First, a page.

Never underestimate the importance of being social! A huge portion of my blog’s growth in its first year was due to my interaction with other bloggers. I spent a lot of time reading other food blogs, mostly blogs that were at the same level as mine at the time. I commented on their posts and shared their content on social media. I established some wonderful friendships as a result! But not only this, I noticed that they visited my own blog as well. The more time I took to get to know other bloggers, leave genuine comments, and share their content– the more bloggers I saw visiting my own space on the internet. It’s pretty incredible how gracious, supportive, and welcoming the blogworld is!
8. Take GOOD photos.
I feel like a broken record with this one! But there’s a reason I always repeat myself in these blogging posts. I didn’t see a boost in my blog’s traffic until I began practicing and getting to know my DSLR. Photography is what draws in the crowd. Readers can’t touch, taste, or smell the recipes you are sharing. They can only see them. For this very reason, eye-catching photography is essential to growing a food blog.
Here’s a very lengthy page I wrote on food photography.
9. Give it time.
It might seem like some bloggers have instant success, but the truth is that it takes a lot of $0 paychecks and even more weeks, months, or years. In fact, I didn’t receive my first paycheck until month 8. And it was for $80.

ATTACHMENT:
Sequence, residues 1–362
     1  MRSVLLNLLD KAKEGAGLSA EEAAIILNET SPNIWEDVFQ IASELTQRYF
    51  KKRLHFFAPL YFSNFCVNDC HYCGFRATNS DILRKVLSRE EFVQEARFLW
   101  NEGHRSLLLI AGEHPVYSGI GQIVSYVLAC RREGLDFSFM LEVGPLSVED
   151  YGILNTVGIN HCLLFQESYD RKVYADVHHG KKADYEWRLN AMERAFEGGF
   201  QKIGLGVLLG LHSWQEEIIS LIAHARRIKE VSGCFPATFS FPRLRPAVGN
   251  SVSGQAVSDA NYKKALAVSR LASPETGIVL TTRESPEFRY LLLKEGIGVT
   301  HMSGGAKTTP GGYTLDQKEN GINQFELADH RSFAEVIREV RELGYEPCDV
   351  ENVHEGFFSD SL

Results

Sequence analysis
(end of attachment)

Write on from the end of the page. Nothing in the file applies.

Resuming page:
The internet is a big place, so plan to invest more work over a longer period of time than others if you want your blog to grow. If you’re seeking short-term cash or a quick trip to success, food blogging isn’t the answer. Stick this out for a long while and be willing to consistently learn, practice, and improve if you want to achieve something remarkable.
10. You are not the opinion of a stranger.
What I’m trying to say is expect critics as your blog grows. BUT don’t let their criticism beat down on you. People judging you is a sign you’re doing something right. This might not be specific to growing your food blog, but it’s something I’ve taught myself after 4 years building SBA. Strangers on the internet will not like what you say, how you write, what you share, what you look like, your photography style, and how you present your creative art. And they will say it, hiding from behind computer screens. It will beat down on you; it will make you question your confidence, your voice, and your worth. But let me repeat myself. Someone you don’t know cannot define who you are.
Never apologize or regret being yourself.
Rambling, as usual!
Q: Do you have any tips on growing a food blog?